The report examines existing structures and processes in the UK MoD and states that while the processes may be more efficient6 than in other departments, they fall well short of meeting the myriad operational challenges. Equally, the report opines that the systemic behaviours described in the report are not the result of bad behaviour by individuals, but of a series of structural incentives that encourage principled individuals to act in a way that does not maximize the outcome7 for the MoD as a whole. The existing processes, therefore, it asserts, are simply not good enough, more so, because adversaries are not waiting for the sclerotic acquisition systems to catch up. While acknowledging that the business of defence acquisitions is a complex challenge, the report emphasizes that doing no worse than the world average is indeed a poor consolation. It further argues that time and cost overruns are not mere accounting entries but actually cause grave damage to military output8 and are therefore simply not unacceptable (this when the UK is widely acknowledged to have done the most to drive reform in the area of acquisitions).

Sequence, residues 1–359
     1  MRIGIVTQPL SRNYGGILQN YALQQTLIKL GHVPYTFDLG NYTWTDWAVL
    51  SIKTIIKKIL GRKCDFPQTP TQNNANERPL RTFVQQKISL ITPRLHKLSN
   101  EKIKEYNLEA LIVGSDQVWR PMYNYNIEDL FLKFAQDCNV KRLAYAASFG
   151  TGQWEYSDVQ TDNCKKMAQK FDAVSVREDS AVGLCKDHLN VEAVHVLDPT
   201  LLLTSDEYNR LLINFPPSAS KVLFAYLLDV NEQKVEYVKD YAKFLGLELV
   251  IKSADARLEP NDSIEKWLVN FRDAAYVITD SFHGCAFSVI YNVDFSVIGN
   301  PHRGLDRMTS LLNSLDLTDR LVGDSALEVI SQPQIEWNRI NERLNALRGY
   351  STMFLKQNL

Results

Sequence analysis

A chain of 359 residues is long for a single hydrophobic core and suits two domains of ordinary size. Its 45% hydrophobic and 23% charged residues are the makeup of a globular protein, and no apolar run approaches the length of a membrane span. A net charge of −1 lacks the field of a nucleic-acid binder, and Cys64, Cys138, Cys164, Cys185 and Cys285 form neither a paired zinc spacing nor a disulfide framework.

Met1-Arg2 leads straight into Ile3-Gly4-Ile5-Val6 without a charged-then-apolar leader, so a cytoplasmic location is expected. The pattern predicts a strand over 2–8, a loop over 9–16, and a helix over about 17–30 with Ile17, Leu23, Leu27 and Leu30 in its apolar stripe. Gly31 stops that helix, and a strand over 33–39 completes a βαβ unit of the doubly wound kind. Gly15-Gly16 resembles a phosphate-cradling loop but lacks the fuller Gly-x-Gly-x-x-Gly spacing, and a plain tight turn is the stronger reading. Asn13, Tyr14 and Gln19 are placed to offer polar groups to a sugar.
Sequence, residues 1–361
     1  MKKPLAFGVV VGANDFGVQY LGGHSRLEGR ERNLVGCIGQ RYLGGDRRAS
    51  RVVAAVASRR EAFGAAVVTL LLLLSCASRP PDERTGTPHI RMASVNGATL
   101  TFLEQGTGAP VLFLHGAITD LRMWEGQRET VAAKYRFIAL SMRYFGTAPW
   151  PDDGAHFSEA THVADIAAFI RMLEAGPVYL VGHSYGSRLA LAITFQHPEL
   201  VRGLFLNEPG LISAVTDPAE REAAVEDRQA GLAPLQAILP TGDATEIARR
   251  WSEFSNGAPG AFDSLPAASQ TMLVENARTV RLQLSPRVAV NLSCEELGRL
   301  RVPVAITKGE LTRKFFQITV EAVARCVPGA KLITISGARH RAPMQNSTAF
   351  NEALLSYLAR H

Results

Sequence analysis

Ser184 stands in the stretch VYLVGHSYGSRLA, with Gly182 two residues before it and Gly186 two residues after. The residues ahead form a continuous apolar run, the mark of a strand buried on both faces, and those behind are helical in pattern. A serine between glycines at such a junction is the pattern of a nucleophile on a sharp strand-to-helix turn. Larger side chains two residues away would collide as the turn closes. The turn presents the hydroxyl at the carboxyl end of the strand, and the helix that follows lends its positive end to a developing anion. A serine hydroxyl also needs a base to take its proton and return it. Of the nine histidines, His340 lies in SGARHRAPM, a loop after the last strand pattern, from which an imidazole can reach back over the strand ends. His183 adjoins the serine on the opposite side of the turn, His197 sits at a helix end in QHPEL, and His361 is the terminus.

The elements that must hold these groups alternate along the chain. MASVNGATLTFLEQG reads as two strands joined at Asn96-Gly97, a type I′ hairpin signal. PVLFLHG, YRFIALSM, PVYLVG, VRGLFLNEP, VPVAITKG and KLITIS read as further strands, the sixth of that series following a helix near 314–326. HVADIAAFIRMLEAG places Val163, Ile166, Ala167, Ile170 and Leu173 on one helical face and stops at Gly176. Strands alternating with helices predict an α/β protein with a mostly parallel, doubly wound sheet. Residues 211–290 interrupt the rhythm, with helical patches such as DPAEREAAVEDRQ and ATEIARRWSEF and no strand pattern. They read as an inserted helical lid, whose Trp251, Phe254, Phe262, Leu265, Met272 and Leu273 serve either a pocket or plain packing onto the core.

The recommendations of the Review are perceptive in that they seek to remove all the prevarication that pervades the acquisition processes today. First and foremost it calls for a periodic Strategic Defence Review9 (to be held once in five years in the first session of a new parliament and to be enshrined in statute) - which will force a reluctant political class to undertake periodic threat assessments and extend an explicit but broad based political commitment to the military capabilities that need to be created by way of response. It goes on to recommend the creation of a 10 year roll on10 Defence Budget (enshrined in law), duly costed and audited by the Treasury, to facilitate long term planning as also allow for the longish acquisition cycles. Thirdly it calls for a stronger customer-supplier11 relationship between DCDC Capability (responsible for capability definition, spelling out the customer requirement and budget control of the agreed equipment plan ) and Defence Equipment Support ( DES – responsible to translate the customer requirement into a viable arms and equipment capability). Fourthly, it calls for an improvement in the ability of DES to deliver efficiently on new equipment and support through better Project Management12 (if necessary through privatization if Whitehall bureaucracies cannot get their act together). And lastly, it pinpoints accountability in the office of the Permanent Under Secretary, PUS,13 (equivalent to our Defence Secretary) in the acquisition process; while bestowing total ownership of the Acquisition Plan on the PUS, it concurrently demands accountability from him to Parliament, enshrined in law. If the PUS is held so precisely accountable, ipso facto, subordinate bureaucracies are bound to fall in line. As is quite evident, the entire focus is on ensuring timely operational deliverance and rigorous elimination of costs.